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Re: GG: Art of Fugue

On Thu, 18 Apr 1996, Bradley P Lehman wrote:

> Leonhardt (essay publ. 1952) argues it very forcefully (and, to my mind,
> convincingly).  Tovey (publ. 1931) also argued strongly for it being a
> keyboard work: the only way to fully experience the piece is to play it
> with one's own two hands.  (Tovey did his arguing for piano, because the
> harpsichord wasn't into a big revival yet.) Both their polemics line up
> with my own experience as a player.  I play it myself on harpsichord,
> organ, and piano (and as of a few months ago, clavichord)...it works best
> on harpsichord.  And as I worked on learning the whole thing, I realized
> that the movements are not only compositional examples of fugal technique,
> but graded exercises in *playing* technique.  In almost every case, each
> movement is more difficult physically than the preceding ones.  In my
> experience, one has to develop a new technique of practicing, and a new
> technique of learning pieces, especially getting into contrapuncti 11-13. 
> (And consequently those are especially satisfying to bring off
> successfully, like climbing a mountain, I suppose.)
> Back to Leonhardt's most convincing arguments: he deals with physical
> playability (the otherwise "pure" musical thought being altered a bit to
> fit what two hands can manage); notation (open score being a
> well-established practice for solo keyboard works); compass (notes being
> too high or low for any other existing orchestration except keyboard...for
> example, the tenor line going below what a viola could handle); addition
> of new voices in the last few measures sometimes (natural on keyboard,
> problematic in ensemble); use of the tenor sometimes as a bass, below the
> bass line (arguing against organ with 16' pedal playing the bass line);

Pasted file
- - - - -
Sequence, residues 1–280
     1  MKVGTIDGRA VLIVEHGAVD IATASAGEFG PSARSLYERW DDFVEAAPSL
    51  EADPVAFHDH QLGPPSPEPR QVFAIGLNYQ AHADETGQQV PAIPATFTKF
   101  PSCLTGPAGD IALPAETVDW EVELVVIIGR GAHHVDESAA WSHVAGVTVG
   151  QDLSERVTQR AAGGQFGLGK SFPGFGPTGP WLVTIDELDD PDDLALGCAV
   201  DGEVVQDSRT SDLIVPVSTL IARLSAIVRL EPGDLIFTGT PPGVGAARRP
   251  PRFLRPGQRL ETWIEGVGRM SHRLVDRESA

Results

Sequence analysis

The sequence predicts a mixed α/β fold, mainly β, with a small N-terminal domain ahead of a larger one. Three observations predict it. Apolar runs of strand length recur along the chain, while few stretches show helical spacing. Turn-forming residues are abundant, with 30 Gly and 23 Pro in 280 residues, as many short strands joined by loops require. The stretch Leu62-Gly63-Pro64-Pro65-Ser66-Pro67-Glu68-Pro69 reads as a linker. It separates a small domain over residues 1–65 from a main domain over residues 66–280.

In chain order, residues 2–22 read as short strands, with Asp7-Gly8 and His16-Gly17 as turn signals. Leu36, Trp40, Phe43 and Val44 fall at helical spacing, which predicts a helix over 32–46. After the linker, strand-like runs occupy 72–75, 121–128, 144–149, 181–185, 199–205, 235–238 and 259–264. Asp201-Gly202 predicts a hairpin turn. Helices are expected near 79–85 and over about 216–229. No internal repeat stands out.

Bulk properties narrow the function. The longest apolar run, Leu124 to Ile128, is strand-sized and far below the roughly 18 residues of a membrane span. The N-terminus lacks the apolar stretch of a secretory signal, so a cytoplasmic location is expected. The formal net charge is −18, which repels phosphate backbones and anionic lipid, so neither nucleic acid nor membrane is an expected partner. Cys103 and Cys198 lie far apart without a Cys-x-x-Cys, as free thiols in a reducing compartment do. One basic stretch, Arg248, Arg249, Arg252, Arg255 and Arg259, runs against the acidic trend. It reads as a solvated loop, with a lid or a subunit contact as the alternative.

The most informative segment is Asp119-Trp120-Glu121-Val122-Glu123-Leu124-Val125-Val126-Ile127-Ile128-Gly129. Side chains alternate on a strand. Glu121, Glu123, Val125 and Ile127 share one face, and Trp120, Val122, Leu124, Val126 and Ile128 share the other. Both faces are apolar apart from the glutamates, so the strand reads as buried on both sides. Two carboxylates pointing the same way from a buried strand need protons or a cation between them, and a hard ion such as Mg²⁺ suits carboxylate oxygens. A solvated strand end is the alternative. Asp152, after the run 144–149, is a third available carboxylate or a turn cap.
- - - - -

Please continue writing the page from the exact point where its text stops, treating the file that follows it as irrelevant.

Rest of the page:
> use of parallel thirds in the deep bass (which sound like mush on the
> organ but are clear on harpsichord); and the issue of long-sustained notes
> being more easily droppable on harpsichord than on organ (and he makes
> reference to this in other Bach works that are clearly for harpsichord). 
> The nature of harpsichord tone causes the ear to project voices forward in
> time coherently, even though the actual notes may have faded.  (Listen to
> a good harpsichord performance of #7, with the subject going at three
> speeds, and hear how clear the counterpoint is despite the fact that long
> notes have faded out.)
> For an obvious example of that last point, long-sustained notes, see the
> end of #6, where the D pedal point in the bass has died away by the point
> where the left hand needs to move upward off it to play more notes...but
> then Bach has the hand suddenly retake that same D in the tenor to get it
> sounding again, and from there the hand can hold it through the end.  This
> doesn't make sense on anything except harpsichord or clavichord (or more
> recently, piano).  It's especially telling because the manuscript
> indicates that he likely wrote that little rhythmic lick in later, as a
> compositional trick to get the D back.  The use of harpsichord makes
> Bach's cleverness have the proper effect; on other instruments those notes
> have less reason to exist at all. 
> And then of course there's the huge point that the earlier manuscript
> version was written in keyboard score in the first place....  If it had
> been explicitly an organ work, there might have been clues as to
> registration or to what the pedal is to play (if anything).  
> The Art of Fugue was most likely intended for music lovers to play
> themselves, in their homes...where they would have had harpsichords and
> clavichords, not organs.  (And drawing this back to Gould...it reminds me
> of his comment about Schoenberg's use of the piano as a quick and
> convenient medium in which to try out his new compositional ideas first. 
> If a composer is working on a somewhat "pure" compositional approach that
> doesn't rely too much on special timbral effects to make its points, s/he
> might well cast the piece for whatever instrument is most generic and
> easily available and flexible.  In Schoenberg's case, the piano; in
> Bach's, the harpsichord and clavichord.)

	Well, this all makes sense with respect to Art of the Fugue, but 
looking at many of Bach's other works is it possible to say that he cares 
very little about instrumentation, and more about the notes? True, 
chances are it was written as a keyboard work, but does that mean he 
wouldn't have later arranged it for an orchestra (with a little bit of 
voicing changes) or maybe some other instrumentation... coming from the 
great Baroque tradition of not letting good music go to waste. Especially 
when there's another interested buyer without a harpsichord, but with a 
great orchestra... 8-)



The only thing we have to fear is spearing ourselves...

			- A very wise man
Ryan Anderson
Lewis & Clark College